AJIL Unbound

By: Mary Ellen O’Connell | September 04, 2014 | 10:00 AM EDT

I very much appreciate the seriousness with which Tom Ruys read my comments on his article. Rather than convince me that his thesis about Article 2(4) is correct, however, his reply provides further support for the opposing view. Minor force is excluded from Article 2(4) but regulated under other legal principles. Here are some examples:

  • He accepts that there are many cases where states and courts have treated low level uses of force as regulated under rules other than Article 2(4). He also argues, and I agree, that some cases are unclear as to whether they support an...
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By: Tom Ruys | September 03, 2014 | 09:30 AM EDT

Of Trojan Horses and Pandora’s Boxes

In her comment on my piece in the latest issue of the American Journal of International Law (The Meaning of “Force” and the Boundaries of the Jus ad Bellum: Are “Minimal” Uses of Force Excluded from UN Charter Article 2(4)?), Mary Ellen O’Connell expresses strong objections to the piece’s central thesis, notably that small-scale or...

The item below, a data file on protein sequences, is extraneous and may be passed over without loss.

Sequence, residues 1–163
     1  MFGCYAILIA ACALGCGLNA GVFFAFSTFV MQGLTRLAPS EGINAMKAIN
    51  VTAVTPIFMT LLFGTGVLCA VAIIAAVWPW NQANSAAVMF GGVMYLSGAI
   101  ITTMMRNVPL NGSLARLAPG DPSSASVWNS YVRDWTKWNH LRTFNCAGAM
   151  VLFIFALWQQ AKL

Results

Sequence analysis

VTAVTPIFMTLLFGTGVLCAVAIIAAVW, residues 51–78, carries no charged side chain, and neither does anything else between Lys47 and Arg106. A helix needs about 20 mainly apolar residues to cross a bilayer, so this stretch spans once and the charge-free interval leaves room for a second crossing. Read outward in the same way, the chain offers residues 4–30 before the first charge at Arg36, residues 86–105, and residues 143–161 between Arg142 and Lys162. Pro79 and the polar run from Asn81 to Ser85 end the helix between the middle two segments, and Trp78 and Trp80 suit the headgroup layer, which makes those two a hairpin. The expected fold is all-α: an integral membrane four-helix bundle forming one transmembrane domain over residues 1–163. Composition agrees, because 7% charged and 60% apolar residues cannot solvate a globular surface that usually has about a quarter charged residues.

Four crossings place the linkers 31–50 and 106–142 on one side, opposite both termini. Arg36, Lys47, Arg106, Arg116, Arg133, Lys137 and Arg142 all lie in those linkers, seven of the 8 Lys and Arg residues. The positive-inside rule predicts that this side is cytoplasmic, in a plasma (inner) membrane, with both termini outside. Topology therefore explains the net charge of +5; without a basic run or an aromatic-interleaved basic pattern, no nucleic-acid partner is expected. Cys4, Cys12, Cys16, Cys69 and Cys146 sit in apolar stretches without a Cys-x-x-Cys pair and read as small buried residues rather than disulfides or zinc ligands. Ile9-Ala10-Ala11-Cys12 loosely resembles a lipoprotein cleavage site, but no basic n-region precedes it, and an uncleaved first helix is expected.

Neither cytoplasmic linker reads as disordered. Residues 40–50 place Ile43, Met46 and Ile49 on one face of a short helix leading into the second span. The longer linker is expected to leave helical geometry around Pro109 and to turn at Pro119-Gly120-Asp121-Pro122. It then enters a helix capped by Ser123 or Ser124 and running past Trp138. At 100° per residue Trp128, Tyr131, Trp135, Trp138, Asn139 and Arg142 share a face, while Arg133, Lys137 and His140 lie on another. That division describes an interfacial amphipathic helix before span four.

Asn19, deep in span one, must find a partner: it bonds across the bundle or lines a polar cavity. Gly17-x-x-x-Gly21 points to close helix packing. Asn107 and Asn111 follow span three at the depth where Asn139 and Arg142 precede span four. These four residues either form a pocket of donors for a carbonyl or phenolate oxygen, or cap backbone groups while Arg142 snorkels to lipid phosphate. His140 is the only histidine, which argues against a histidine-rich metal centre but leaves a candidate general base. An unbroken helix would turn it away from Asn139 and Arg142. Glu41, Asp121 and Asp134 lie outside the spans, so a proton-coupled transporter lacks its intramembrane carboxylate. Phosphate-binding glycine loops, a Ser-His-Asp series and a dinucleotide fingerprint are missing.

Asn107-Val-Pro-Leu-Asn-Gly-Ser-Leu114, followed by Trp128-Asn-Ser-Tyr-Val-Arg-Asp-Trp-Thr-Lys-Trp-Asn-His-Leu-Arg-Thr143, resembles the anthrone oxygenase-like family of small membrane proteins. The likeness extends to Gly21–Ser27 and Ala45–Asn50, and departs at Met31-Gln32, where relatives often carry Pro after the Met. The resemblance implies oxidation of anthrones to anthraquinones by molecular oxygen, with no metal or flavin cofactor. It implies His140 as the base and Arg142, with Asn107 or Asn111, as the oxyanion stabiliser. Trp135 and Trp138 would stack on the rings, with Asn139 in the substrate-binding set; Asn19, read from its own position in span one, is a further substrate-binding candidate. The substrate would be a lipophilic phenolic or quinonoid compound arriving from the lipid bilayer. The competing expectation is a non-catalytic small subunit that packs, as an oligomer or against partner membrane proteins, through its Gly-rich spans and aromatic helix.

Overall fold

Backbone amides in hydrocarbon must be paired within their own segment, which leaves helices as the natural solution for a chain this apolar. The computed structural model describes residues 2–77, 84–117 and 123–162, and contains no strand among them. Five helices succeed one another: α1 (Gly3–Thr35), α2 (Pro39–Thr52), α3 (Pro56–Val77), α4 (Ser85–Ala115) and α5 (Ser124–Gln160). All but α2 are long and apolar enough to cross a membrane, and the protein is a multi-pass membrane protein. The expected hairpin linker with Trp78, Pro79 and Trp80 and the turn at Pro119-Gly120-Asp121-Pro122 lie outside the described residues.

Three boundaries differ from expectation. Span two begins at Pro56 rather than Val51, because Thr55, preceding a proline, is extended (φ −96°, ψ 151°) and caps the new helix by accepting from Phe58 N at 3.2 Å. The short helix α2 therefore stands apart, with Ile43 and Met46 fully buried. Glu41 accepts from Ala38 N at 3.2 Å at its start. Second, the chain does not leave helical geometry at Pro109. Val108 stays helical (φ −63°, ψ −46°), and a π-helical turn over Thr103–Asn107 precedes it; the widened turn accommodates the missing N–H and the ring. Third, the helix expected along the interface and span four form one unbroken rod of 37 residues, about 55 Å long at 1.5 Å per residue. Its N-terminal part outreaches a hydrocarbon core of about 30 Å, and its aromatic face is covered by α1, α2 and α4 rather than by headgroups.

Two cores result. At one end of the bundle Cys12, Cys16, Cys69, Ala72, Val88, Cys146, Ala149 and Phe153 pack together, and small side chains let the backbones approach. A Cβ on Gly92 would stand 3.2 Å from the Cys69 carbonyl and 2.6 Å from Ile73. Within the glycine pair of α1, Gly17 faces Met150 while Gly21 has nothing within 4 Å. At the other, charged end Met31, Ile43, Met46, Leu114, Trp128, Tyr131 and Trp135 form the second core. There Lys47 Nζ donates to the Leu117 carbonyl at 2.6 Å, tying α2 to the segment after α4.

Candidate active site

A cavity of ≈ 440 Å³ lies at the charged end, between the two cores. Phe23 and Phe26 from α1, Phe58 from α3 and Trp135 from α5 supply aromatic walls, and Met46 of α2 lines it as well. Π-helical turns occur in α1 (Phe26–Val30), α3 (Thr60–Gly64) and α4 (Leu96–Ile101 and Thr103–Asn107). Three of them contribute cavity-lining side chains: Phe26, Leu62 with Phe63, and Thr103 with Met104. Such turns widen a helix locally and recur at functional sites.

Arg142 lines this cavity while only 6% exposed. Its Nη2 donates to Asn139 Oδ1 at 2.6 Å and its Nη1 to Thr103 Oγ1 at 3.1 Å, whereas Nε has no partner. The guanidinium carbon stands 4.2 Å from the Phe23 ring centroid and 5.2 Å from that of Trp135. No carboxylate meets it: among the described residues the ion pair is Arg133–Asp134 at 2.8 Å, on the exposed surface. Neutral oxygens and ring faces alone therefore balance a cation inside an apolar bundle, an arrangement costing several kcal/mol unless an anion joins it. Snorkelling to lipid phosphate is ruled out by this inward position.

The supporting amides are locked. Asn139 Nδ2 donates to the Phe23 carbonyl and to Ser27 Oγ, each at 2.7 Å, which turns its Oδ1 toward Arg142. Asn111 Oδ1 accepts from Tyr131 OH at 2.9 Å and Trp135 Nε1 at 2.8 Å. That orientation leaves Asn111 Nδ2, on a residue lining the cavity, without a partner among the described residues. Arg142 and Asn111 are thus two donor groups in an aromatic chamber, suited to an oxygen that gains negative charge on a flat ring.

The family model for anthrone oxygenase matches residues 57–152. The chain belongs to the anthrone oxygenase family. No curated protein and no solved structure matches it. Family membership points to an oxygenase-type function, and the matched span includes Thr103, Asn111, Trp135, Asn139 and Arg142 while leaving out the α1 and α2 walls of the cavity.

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By: David Zaring | August 05, 2014 | 09:30 AM EDT

The globalization of administration is the most interesting thing happening in both administrative and international law. Richard Stewart’s article in the April 2014 issue of the American Journal of International Law is a brilliant tour of the horizon of the problems and prospects of this sort of lawmaking. It reflects the work he has done, along with Benedict Kingsbury, as a member of the Global Administrative Law (GAL) Project, housed...

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By: Mary Ellen O’Connell | August 04, 2014 | 10:00 AM EDT

Tom Ruys’s article in the latest issue of the American Journal of International Law is an erudite study of the prohibition on the use of force in UN Charter Article 2(4). Ruys makes many points with which I wholeheartedly agree. In note 241, he says that the case for cross-border drone attacks by the United States “verges on stretching criteria for necessity, proportionality, and armed attack to the point of absurdity . . . .” He is also right to reject emerging claims that the...

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